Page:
History of the CCC

History of the CCC

History of the CCC

Cannabis Health – The Medical Marijuana Journal
Volume 1 Issue 1 – November/December 2002

Author: Debra Harper

What inspired Canadian activists to build the framework for a united voice to represent a diverse cross-section of the cannabis movement?

What led to transforming a steering committee into a board of directors, into a general consensus, and maybe beyond?

Actually, the Canadian Cannabis Coalition (CCC) unintentionally manifested from collective and conventional cannabis wisdom, gaining definition in response to the ever-changing cannabis climate. It has no
budget, salaries, offices or officials, just the strong and steadfast convictions of people who have expressed themselves on-line or at meetings. These dialogues have led to interesting and lively discussions, debates, changing structures and some proud accomplishments.

Throughout these formative years, the CCC has been leaderless, but not rudderless, as driving forces steer it through unchartered waters.

The earliest incarnation began as a small e-mail networking list, set up in April 1999 by Deb Harper, to explore
the idea of creating industry standards within the medicinal cannabis movement (1) and to exchange information between compassion clubs and other interested parties. In June of that year, list members and other activists met at a gathering, initiated and hosted by Brian and Teresa Taylor and friends in Grand Forks, B.C., (2) to further discuss the role for the fledgling medicinal cannabis network. It was decided among the approx. 20 participants who represented wide-ranging interests from non-government organizations (NGO’s), entrepreneurs, professionals and grass-roots activists, that the propagation of a broad unifying entity encompassing the whole cannabis community would be more desirable.

June 2000 – Third CCC meeting at Broadacres in Grand Forks B.C.
– photo Deb Harper

A name, the Canadian Cannabis Coalition, and a purpose – a nation-wide umbrella organization for cannabis organizations and activists – was agreed upon. A mission statement was crafted, “The Canadian Cannabis Coalition is dedicated to facilitating access to a safe supply of cannabis through research, education and advocacy”, and an interim steering committee was elected.

Networking continued over the internet, a website was designed, (3) and a second meeting was held in Grand Forks on September 5th (4) that brought several more organizations on board. The number of attendees almost doubled by the next meeting that was held once again in Grand Forks in June of 2000.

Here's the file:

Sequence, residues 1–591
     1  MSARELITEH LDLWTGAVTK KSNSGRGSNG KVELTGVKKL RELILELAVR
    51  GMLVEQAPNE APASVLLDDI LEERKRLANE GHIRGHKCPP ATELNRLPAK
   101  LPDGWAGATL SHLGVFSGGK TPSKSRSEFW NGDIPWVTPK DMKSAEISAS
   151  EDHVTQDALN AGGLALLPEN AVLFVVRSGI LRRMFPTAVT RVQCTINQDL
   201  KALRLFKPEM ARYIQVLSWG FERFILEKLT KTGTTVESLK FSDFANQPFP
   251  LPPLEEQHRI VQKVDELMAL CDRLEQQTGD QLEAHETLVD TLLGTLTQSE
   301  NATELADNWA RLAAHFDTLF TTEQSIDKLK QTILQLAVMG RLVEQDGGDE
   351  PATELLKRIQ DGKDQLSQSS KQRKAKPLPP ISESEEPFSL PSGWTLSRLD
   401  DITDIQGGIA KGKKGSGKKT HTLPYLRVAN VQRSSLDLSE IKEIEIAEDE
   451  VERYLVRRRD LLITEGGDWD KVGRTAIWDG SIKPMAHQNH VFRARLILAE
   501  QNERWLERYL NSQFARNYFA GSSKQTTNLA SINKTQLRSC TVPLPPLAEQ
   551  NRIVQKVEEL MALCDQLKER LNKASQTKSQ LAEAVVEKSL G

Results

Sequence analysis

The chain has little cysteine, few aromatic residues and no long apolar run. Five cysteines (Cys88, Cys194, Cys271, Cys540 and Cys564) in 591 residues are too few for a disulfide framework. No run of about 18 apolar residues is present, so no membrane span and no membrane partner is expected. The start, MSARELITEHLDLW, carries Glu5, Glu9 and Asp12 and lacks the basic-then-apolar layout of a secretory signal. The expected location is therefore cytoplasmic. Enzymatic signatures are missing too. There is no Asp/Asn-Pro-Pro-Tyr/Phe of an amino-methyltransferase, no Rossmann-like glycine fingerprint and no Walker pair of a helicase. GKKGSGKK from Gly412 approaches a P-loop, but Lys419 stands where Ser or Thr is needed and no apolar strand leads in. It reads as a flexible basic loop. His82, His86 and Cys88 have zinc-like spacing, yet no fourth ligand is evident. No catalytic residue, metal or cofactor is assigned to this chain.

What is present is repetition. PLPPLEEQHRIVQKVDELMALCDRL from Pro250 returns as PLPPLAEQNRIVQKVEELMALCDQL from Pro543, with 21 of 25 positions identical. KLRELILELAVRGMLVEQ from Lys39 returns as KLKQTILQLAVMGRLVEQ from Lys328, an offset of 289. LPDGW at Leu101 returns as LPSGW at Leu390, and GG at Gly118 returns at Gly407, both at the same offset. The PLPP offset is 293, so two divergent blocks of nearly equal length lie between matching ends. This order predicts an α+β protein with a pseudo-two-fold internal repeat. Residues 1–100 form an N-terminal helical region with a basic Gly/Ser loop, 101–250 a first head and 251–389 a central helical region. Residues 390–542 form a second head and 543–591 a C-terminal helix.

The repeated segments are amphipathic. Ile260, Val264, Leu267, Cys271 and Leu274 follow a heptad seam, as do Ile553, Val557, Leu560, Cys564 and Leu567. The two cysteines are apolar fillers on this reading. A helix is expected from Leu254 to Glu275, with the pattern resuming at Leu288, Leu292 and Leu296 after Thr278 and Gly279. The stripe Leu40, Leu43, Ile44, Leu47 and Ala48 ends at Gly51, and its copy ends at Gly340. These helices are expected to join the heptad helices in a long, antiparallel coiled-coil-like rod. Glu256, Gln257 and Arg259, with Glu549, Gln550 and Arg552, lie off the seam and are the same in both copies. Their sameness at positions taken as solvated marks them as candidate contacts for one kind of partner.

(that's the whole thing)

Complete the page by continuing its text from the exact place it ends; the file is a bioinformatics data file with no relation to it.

(5) The last annual get-together happened in October 2001, hosted by Matt Elrod and friends on Vancouver Island.

The undaunting task of creating a position that represents so many within the movement has produced tangible results on several occasions. A press release issued in February 2000 stated the CCC would re-evaluate its “unwritten policy of encouraging people to apply for section 56 exemptions to the Controlled Drugs and Substances Act in direct response to the government’s obvious mismanagement of the process”. (6) On August 2nd, 2000, an open letter to Health Minister Allan Rock, precipitated by Rielle Capler of the British Columbia Compassion Society (BCCCS), specifying recommendations for the upcoming clinical trials (7) was noticed by the media. (8) A group project to develop documents to file for intervenor status at the upcoming Supreme Court case of Malmo- Levine, Caine and Clay was initiated and is now pending.

Dr. Paul Hornby and Hilary Black
– photo Deb Harper

The voices of the CCC have also been heard in a more individualistic fashion. An on-line newsletter (9)written and compiled by Deb Harper was published on the website in the spring of 2000, which highlighted some individuals, members and events of CCC. The responses from participating organizations to the Medical Marijuana Access Regulations were also posted between April 7th and May 7th, 2001, as there was no official CCC position. (10) The CCC’s networking list has approx. 65 subscribers representing 40 organizations from Vancouver Island to Nova Scotia and international affiliates from the U.S. and Australia. Currently the focus is on issues the government is refusing to deal with that are vital to medicinal cannabis users such as practical regulations and a distribution system. Members also have court cases pending at every level of court system in this country.


Since this article was written in 2002, the CCC continued to grow and included members from shore to shore and as far away as Nunavut which made getting together in person much more difficult. This led to mainly connecting via a listserve to share ideas and information which it still does today.

The coalition advises persons who contact it concerning medicinal cannabis, legal problems or other cannabis-related issues. Cannabis experts within the CCC have the ability to consult, make recommendations, hold conferences, design research protocols, develop products and services, and devise a regulatory framework. By default,the combined experience, knowledge, resources and talents of the participants assert the CCC’s role as a leading national authority on cannabis.

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